Ubiquitous as crimes are in Nigeria, sale and
purchase of babies were hardly on the table
until recently. As gifts from the Almighty,
Nigerian families celebrated the arrival of
new babies and nurtured them with all sense of appreciation
and responsibility. Indeed, care for babies
was regarded as personal and family contribution to
posterity and a better society. Not any more these
days, it seems, as these values have been blighted by a
few charlatans who, for personal but obscene reasons,
specialize in criminally commercializing these precious
gifts and thus doing a collateral damage to the nation’s
image and integrity.
The existence of baby factories in Nigeria has caught
media attention across the world. The menace child
sale and purchase is struggling for headline space with
notorious crimes like Boko Haram killings, kidnapping,
pipeline vandalism, human trafficking, among others.
The United Nation Educational Scientific and Cultural
Organisation ranks human trafficking the third most
common crime after financial fraud and drug trafficking
in Nigeria while the United Nations says at least 10
children are on offer across the country, with offenders
being seldom apprehended. The National Agency for
the Prohibition of Trafficking in Persons says babies are
sold for up to $6,400 each, depending on the sex. Other
reports aver that babies are now on offer at prices ranging
from N200, 000 to N400, 000 depending on the
sex of the baby.
Conception and birth of new babies are being undertaken
for the wrong reasons by shameless individuals,
hospital staff, including doctors and nurses, who, ordinarily,
should be agents of child delivery and care. Baby
farms or baby factories are growing concerns patronised
by notorious human traffickers, childless couples and
ritualists in the South-eastern part of the nation and
part of the South-South, with the danger of it extending
to other parts of the country, if not checked.
In 2011, the Abia State Police Commissioner, Bala
Hassan, said his team rescued 32 pregnant girls mostly
between ages 15 and 17 who were locked up at a clinic to
produce babies for sale to human traffickers.
In May 2013, a middle-age woman, Adaeze Mba,
and her husband were arrested in Lagos for selling
an unborn baby in advance for N200, 000 and their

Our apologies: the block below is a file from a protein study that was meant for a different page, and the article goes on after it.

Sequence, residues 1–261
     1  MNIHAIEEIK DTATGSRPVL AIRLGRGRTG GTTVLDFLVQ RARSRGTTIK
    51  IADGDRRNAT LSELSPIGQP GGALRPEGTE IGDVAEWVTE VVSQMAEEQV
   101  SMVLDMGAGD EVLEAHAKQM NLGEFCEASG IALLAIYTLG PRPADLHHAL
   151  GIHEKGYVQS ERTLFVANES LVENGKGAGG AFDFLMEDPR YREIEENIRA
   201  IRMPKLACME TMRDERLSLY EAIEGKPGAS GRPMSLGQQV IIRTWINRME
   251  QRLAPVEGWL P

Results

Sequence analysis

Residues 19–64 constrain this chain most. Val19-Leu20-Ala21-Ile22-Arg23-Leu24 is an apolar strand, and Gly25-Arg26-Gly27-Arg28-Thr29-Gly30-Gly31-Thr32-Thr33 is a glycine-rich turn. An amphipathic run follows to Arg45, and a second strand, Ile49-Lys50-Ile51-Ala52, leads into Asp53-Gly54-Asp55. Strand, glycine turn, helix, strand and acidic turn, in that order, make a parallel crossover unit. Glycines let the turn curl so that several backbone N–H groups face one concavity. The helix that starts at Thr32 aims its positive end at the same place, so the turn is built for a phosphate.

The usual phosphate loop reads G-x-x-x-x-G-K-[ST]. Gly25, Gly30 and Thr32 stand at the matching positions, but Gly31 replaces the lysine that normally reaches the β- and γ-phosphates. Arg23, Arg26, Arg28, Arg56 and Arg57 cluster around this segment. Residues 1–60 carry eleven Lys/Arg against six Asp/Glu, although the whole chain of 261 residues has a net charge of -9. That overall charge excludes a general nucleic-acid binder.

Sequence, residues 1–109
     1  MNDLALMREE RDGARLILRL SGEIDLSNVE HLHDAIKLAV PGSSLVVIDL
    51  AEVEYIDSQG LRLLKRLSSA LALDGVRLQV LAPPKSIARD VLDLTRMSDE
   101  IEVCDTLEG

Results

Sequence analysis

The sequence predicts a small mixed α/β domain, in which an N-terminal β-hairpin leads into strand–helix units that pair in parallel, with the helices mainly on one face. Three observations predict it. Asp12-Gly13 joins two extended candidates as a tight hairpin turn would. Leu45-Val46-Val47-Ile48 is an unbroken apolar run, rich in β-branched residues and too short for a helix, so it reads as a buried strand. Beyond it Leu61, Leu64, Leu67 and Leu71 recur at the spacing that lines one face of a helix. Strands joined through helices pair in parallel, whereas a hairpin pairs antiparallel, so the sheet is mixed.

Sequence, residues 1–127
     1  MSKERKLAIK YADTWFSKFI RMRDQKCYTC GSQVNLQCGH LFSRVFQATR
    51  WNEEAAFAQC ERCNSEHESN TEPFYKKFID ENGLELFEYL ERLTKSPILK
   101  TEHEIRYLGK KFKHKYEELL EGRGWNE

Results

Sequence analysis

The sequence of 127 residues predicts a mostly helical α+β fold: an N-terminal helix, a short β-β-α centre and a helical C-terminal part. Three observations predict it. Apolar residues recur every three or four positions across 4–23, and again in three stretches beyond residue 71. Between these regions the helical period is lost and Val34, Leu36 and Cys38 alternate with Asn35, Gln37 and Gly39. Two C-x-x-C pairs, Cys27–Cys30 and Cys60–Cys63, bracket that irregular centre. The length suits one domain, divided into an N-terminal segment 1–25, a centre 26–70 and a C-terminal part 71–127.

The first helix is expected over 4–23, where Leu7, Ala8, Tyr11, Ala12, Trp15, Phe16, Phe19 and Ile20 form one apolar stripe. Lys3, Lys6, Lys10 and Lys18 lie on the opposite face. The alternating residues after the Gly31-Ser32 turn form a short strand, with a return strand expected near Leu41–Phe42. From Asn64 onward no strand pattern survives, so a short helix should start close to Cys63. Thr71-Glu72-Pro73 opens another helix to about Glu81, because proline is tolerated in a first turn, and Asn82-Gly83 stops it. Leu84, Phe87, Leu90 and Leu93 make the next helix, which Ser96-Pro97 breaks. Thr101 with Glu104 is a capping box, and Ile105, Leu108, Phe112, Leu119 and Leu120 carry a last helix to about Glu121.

neighbour’s four-year-old son for N400, 000. They also
confessed selling two other children for N700, 000.
While teenagers carrying unwanted pregnancies are
sometimes lured to clinics and then forced to hand over
their babies, others, according to reports, are offered
money ranging from N40, 000 – N70, 000 for male
child and N20, 000 – N30, 000 for the female. Some
girls have turned baby making for profit into business
as they willingly return to baby factories to get pregnant
for a fee after each delivery.
It is obvious that the menace thrives because our
respective governments are incapable of enforcing their
laws on this criminal act.
Section 30 of the Child Rights Act, 2003 states that,
“No person shall buy, sell, hire, dispose of or otherwise
deal in a child … A person who contravenes this section
shall be liable to 10 years imprisonment.” Yet, this law
notwithstanding, violators are hardly brought to justice
even when the criminal act has become a national embarrassment.
There is a need for our relevant security agencies to
firm up their intelligence gathering mechanism while
the judiciary should ensure that offenders are brought
to book. As vehicles of procreation, nay life, women
professionals in the nation’s security agencies and the
judiciary should stand up to be counted in the war
against the sale of God’s gift by insisting on speedy and
thorough prosecution and adjudication of child sale and
purchase cases.
Civil rights organisations, especially their women
arms, should take this as a challenge. Women organisations
who staged a peaceful protest against the mindless
killing of school children in Yobe State should
extend the same service to the menace of baby factories.
Besides, they should impress it upon their husbands in
power to find a lasting solution to the cankerworm.
Whistle blowers have played prominent roles in the
detected cases so far, but the war will be gallantly fought
and won when every Nigerian is involved.


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